The new bill proposes to waive off entire medical tuition fees cost, the boarding and lodging expenditure during the period of education for rural medical aspirants, introduce rural quota for aspiring but poor medical candidates in exchange for obligatory rural service with the appropriate government /s for a minimum period of six (6) years. Referring to the doctor patient ratio in the rural areas to as low as 1:25,000, the bill points out that distribution of health care personnel is abjectly skewed in favour of cities /metros where bulk of doctors are found practicing. As a consequence of the above there is a short fall of 78.9% of surgeons, 69.7% of obstetricians and gynecologists, 78.2% of physicians and 78.9% of pediatricians in rural CHC/Community health centers according to a report of 2021 rural health status report of GOI. Well is this a new revelation?
The newly introduced bill lays stress on the government to conduct a survey to assess the shortage of health care professionals in rural areas, calculate the number of medical seats required for rural country side and designate it as ‘Rural quota’ . Apart from the above, the ‘Rural medical education bill’ asks for reservations for the SC/ST and OBCs amongst these budding but poor rural medical aspirants. As if this is not enough the bill mandates setting up of a ‘National board of rural medical education’ by way of notification of an official gazette.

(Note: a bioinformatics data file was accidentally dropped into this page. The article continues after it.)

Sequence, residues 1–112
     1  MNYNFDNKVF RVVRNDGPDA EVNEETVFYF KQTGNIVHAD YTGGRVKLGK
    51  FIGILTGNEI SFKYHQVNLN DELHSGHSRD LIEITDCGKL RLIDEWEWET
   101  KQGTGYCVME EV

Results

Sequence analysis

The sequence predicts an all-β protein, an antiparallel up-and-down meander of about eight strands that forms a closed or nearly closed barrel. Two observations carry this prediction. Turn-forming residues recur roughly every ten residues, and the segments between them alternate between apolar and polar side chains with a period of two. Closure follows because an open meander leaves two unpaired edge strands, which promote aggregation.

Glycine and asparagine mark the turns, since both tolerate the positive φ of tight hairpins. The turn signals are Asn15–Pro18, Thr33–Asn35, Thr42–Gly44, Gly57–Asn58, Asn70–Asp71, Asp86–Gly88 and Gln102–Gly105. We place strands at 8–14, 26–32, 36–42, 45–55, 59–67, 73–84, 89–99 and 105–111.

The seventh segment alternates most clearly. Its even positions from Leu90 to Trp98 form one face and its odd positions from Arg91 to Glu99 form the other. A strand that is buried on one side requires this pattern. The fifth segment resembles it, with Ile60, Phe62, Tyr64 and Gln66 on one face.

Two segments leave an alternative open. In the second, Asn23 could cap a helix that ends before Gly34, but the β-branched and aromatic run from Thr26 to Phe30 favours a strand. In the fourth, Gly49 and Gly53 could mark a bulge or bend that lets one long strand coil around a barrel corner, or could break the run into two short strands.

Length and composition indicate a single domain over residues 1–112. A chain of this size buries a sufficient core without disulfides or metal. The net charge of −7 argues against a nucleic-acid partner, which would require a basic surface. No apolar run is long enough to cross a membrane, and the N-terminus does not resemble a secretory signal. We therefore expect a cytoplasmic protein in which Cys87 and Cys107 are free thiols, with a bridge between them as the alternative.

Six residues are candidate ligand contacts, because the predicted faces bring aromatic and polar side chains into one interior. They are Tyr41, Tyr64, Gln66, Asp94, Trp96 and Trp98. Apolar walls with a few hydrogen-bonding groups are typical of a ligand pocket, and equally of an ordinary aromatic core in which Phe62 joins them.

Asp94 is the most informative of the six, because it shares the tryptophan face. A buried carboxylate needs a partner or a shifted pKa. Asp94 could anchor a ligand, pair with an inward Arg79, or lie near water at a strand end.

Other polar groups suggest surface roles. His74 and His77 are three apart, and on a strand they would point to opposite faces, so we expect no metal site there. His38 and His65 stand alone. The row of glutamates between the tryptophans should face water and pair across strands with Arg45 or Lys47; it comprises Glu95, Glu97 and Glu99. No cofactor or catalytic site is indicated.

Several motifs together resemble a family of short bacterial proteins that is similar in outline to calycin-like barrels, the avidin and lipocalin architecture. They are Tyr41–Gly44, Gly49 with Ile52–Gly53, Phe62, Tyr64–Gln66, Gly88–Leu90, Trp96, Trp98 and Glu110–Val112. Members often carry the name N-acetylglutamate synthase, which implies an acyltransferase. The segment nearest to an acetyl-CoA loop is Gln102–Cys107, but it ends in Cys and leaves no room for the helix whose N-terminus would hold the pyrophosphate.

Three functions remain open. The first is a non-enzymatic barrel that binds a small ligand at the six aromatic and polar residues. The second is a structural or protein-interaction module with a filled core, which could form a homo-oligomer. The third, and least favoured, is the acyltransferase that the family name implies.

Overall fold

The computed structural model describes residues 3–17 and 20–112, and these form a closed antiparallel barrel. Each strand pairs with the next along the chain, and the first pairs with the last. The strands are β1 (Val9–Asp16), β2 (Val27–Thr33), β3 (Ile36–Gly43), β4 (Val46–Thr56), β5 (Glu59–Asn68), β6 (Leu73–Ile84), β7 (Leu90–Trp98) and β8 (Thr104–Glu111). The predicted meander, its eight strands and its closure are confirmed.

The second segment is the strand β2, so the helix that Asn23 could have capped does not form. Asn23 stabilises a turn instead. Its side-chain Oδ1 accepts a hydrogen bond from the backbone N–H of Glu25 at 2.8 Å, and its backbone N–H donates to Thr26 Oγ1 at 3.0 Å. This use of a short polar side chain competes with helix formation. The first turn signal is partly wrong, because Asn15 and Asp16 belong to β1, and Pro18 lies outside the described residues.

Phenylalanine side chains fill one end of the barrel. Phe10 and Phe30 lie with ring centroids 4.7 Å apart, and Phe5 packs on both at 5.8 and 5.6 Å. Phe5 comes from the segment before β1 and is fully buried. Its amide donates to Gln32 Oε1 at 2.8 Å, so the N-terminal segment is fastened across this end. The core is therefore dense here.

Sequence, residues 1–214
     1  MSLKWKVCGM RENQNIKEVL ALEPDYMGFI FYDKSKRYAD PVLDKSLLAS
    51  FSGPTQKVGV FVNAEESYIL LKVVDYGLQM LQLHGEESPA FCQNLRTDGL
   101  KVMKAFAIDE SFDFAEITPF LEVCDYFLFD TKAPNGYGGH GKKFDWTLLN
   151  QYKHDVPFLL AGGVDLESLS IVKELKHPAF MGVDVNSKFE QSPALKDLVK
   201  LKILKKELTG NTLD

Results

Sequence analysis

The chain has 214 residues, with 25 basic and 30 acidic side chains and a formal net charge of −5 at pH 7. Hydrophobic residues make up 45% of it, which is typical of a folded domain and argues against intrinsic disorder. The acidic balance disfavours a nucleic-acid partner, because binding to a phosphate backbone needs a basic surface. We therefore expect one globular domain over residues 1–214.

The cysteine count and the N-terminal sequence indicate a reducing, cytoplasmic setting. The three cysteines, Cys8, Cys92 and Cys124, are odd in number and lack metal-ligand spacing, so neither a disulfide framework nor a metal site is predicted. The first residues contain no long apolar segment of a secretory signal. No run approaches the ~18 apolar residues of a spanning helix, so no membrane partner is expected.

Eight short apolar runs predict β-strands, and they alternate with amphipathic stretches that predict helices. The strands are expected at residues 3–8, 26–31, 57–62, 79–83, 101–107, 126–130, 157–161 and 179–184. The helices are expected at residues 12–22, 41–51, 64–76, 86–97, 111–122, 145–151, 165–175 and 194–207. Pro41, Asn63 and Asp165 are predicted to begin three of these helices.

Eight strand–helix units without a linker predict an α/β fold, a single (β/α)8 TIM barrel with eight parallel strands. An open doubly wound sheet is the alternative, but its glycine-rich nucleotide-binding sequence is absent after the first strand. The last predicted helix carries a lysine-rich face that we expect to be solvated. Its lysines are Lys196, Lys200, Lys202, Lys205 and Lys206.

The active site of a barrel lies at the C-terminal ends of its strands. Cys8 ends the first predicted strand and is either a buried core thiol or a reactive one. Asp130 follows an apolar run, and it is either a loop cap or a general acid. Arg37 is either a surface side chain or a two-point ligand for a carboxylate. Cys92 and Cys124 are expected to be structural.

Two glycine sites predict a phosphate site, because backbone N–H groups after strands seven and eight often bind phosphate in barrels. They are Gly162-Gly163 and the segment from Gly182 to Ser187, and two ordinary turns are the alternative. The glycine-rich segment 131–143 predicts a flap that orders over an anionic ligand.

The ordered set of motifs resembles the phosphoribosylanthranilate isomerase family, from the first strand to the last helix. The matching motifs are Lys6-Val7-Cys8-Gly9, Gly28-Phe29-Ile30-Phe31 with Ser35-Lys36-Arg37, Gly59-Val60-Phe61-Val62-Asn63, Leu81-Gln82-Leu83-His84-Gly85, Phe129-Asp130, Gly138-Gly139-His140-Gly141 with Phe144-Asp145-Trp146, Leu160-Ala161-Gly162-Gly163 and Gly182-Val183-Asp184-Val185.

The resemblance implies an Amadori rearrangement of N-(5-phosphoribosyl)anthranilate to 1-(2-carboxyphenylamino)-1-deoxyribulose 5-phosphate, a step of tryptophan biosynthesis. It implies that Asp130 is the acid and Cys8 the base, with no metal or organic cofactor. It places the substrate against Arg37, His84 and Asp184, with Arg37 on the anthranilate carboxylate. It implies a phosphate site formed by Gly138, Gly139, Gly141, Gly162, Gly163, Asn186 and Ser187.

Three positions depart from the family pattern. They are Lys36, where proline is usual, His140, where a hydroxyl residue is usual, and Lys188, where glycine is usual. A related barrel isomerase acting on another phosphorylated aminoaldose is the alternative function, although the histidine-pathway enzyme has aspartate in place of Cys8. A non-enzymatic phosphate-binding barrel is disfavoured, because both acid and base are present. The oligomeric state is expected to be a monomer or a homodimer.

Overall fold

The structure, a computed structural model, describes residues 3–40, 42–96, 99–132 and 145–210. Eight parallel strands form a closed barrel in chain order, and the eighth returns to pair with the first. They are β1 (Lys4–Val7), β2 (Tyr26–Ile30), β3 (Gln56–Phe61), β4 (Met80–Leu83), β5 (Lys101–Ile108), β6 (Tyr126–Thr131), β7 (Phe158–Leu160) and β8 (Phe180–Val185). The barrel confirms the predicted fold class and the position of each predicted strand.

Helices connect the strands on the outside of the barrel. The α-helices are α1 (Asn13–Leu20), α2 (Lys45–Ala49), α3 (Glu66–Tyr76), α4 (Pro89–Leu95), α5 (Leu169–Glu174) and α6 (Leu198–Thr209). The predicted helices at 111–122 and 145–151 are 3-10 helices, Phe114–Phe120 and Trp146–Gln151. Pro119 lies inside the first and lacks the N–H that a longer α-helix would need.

This national board of rural medical education will have a rep each from union ministry of finance, health, and family welfare and rural development, one member each from SC/STs and OBCs plus 3 eminent female members and a member from the transgender race in the medical field. The constitution of the board gives a feeling of playing to the gallery instead of being seriously involved in the issue. The purpose of the board will be to oversee, selection of candidates under rural quota, setting the limits of miscellaneous expenditure on candidates, and taking appropriate action against any defaulting candidates.